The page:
Link to comment
Share on other sites

I was very disappointed when I learned you meant the arcade game [Gorf] and not a new homebrew or long-lost prototype that came out unbeknownst to anybody. :-D


Sorry to get your hopes up... but you're not that far off. Steve ("Gorfian") was working on an Astrocade home port of Gorf. I think that this was in the early-to-mid 2000s. Screenshots (which might just be placeholders-- I'm not sure if development even began) are available here:




Here are the screenshots from Ballyalley.com:

Gorf - Mission 1: Astro Battles




Gorf - Mission 2: Laser Attack




Gorf - Mission 3: Galaxians




Gorf - Mission 5: Flagship




So, who knows, maybe someday there will be a home version of Gorf for the Astrocade! It will have to all fit in 8KB though, unless a bankswitched cartridge is used. That would be really tough to do!





  • Like 1
Link to comment
Share on other sites

In my original post for this round of the HSC, I mentioned that Midway sold a 28-page Gorf Combat Manual for $1.95. I wasn't sure where this manual was available for sale, so after some searching of the Internet I did find just one mention of where a person could buy it. The a news item announcing the manual was printed in the June 6, 1981 issue of Cash Box: The International Music Record Weekly. The cover of that issue looks like this:




You can read the short news item here (or read the transcription here below):




The cover of the Gorf Combat Manual looks like this:




Here is the transcription of the announcement:


Gorf Manual Is Now Available For Video Enthusiasts

"The growing legions of Gorf players may now purchase combat manuals to help In mastering this popular Midway video game and also earn classification in the Interstellar Defense Forces.

"The Gorf Combat Manual contains historical data, tactical information and strategy tips which are geared to assist the player in conquering the Evil Gorfian Empire. The game theme involves a series of missions in which the player must repel Gorfian robot attacks and launch a counterattack to destroy the enemy Flag Ship.

"Throughout the process the player is constantly taunted by such phrases from the Gorf leader as "Prepare yourself for annihilation" ... "Survival is Impossible" ... and others.

"As a further means of generating full involvement in the entire game concept, players are invited to join the ISDF Pilots Association and qualify for membership cards.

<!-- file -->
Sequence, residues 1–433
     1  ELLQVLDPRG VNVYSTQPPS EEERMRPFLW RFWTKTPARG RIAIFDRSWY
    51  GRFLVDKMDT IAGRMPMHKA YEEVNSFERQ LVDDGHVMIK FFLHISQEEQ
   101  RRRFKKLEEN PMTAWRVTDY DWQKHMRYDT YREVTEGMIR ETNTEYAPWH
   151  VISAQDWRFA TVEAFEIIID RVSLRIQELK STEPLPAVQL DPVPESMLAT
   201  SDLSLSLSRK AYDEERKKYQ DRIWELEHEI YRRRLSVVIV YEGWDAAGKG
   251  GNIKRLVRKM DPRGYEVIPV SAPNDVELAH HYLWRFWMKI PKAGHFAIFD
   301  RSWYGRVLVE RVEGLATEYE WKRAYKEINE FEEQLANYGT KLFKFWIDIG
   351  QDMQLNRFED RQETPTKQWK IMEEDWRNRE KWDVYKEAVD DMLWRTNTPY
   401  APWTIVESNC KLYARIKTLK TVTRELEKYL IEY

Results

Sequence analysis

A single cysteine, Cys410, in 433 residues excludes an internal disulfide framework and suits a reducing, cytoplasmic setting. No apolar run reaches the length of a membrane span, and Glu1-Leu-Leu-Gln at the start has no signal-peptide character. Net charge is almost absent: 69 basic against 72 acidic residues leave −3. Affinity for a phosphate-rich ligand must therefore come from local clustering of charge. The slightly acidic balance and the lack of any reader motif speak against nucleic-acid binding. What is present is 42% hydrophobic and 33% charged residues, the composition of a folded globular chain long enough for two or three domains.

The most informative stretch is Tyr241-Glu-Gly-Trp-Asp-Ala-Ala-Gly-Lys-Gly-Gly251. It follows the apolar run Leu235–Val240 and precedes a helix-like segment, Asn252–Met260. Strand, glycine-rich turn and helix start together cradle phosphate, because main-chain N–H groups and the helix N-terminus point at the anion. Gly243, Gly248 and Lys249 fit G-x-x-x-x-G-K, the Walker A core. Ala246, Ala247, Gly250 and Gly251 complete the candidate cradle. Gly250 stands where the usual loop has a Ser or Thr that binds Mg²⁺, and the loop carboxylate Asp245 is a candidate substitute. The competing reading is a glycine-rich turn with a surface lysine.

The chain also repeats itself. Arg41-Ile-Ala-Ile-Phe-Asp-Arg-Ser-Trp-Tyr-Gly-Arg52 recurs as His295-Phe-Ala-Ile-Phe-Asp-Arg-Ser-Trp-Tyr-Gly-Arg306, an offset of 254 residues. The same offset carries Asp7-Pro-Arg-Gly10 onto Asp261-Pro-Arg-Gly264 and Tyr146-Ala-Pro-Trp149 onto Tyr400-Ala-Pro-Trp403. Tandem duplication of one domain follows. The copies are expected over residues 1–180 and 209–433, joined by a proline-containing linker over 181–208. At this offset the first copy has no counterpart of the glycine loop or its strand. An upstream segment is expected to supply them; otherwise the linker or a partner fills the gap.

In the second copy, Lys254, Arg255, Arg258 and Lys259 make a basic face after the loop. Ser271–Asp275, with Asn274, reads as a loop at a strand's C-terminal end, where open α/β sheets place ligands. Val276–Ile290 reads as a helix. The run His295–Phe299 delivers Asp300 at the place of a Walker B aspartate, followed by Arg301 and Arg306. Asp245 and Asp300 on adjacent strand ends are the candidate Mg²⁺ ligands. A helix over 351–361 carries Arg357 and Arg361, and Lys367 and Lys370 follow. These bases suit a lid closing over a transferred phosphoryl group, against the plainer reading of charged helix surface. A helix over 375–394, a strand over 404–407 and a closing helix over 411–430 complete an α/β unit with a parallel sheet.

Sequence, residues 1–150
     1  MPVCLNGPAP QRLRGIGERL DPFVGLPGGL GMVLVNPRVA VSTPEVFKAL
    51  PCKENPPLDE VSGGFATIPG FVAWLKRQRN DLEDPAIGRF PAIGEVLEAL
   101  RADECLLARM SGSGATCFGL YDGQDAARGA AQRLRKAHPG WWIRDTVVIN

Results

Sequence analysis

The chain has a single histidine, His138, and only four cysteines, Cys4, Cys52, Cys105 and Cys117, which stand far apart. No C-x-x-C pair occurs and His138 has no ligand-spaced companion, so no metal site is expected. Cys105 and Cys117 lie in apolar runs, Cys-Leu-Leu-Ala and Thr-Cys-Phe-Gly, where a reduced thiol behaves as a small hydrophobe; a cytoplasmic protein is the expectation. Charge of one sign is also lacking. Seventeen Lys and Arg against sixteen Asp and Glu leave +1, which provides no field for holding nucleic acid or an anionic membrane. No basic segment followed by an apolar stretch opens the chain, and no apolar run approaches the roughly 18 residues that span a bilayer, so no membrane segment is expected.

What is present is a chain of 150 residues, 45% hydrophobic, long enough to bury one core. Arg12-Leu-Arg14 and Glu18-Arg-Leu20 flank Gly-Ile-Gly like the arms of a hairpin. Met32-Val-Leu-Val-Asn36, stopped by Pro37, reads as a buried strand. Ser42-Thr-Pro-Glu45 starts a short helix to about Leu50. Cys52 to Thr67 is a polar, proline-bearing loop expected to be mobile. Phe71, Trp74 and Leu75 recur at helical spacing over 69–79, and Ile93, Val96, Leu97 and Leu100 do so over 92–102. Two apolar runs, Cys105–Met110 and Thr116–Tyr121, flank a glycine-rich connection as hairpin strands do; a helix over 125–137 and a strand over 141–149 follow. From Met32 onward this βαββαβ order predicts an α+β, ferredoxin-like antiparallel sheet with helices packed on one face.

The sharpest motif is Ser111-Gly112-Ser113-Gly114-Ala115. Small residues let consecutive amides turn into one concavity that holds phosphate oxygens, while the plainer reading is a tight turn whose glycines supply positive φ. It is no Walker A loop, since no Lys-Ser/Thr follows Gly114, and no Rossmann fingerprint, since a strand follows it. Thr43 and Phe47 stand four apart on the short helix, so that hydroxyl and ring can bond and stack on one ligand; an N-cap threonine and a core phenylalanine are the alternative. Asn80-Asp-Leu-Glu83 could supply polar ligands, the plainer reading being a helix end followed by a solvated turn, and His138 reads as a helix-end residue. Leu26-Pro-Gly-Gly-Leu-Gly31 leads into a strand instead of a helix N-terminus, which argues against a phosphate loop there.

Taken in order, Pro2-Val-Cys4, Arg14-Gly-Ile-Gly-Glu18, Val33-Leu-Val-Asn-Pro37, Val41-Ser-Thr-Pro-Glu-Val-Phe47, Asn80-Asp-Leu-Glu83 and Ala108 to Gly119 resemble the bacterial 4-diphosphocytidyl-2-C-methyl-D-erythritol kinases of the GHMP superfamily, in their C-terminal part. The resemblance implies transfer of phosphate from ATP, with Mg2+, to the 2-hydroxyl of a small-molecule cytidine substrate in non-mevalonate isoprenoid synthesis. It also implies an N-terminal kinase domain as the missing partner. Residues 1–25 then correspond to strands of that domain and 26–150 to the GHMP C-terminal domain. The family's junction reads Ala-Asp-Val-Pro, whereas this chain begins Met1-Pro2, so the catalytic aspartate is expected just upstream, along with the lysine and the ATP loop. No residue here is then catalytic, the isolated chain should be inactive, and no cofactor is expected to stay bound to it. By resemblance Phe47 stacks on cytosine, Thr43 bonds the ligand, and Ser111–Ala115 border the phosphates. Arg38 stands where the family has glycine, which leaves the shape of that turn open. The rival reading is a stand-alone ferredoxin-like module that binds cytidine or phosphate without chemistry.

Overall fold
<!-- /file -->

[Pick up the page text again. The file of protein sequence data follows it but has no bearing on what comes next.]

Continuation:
"The cover price of the manual is $1.95 and it is available through Midway's distributor network. Further details may be obtained by contacting factory distributors or the Midway command headquarters at 10750 W. Grand Ave., Franklin Park, Ill. 60131.

"Kathy Novak of Midway's marketing services department has already received several inquiries resulting from a mid-May distributor mailing. Samples of the manual are being included In the cash boxes of all Gorfs currently in production."



Again, you can view jpg images of all pages of this manual here:




I wonder if Midway (or other arcade game manufactures) made player manuals like this for other games? It seems highly unlikely to me that many players in 1981 would have had the opportunity to buy this helpful manual.



  • Like 1
Link to comment
Share on other sites

I have taken the 28 jpg images that made up the GORF Combat Manual and combined them into an OCRed pdf, which I'm including here:


Gorf Combat Manual (1981)(Midway).pdf


I've printed the manual on my laser printer and increased each page to take a full 8 1/2" x 11" sheet of paper-- it's a really cool manual, completely worth the $1.95 it cost in 1981.


I've include many selected highlights from the GORF Combat Manual in this post. I was only going to include the section titled "Space Fantasy Missions," but once I included that, I just kept on going. I think that I've included about 75% of the manual's text, but only a couple of its pictures (and no screenshots). Here is the manual (I have some additional comments of my own below what I've included here):



A Letter from ISDF


TO: ISDF Pilots
FROM: Interstellar Space Defense Force Command

This manual has been prepared to better acquaint ISDF pilots with the Gorfian enemy. Careful study of this information will enhance mission effectiveness.

Information of the diabolical enemy is incomplete and any observations of Gorfian activity that would improve or correct this manual should be transmitted to ISDF intelligence.

This material is ISDF classified under Category 2.



1 or 2 Player Full Color Video Game... that TALKS!

The Incomparable Multi-Mission Space Challenge

GORF Credits:

GORF is a product of MIDWAY MFG. CO., a major manufacturer and creator in the coin-operated amusement industry. MIDWAY MFG. CO. is a division of the BALLY MANUFACTURING CORPORATION.

Executive Producer: Dave Nutting
Game Concept/Design: Dave Nutting

Jay Fenton
Video Programming: Jay Fenton
Audio Programming: Scot Norris
Added Program Support: Rick Frankel

Bob Ogden
Electronics Design: Jeff Frederickson

Dave Otto


Space Fantasy Missions

A unique sight and sound adventure for special pilots enlisted in the Interstellar Defense Forces for a challenging voyage against the Gorfian Empire.

In a series of missions the pilot's assignment is to repel the Gorfian robot attacks and launch a counterattack to ultimately destroy the enemy Flag Ship.

Throughout the missions, the GORF leader speaks and taunts pilots with phrases like: "Prepare yourself for annihilation." ...... "Survival is impossible." ..... "Some galactic defender you are-- ha! ha! ha!" ...... "My Gorfian robots are unbeatable." ..... "Good try Space Cadet." .... "Too bad Space Cadet." -- and more!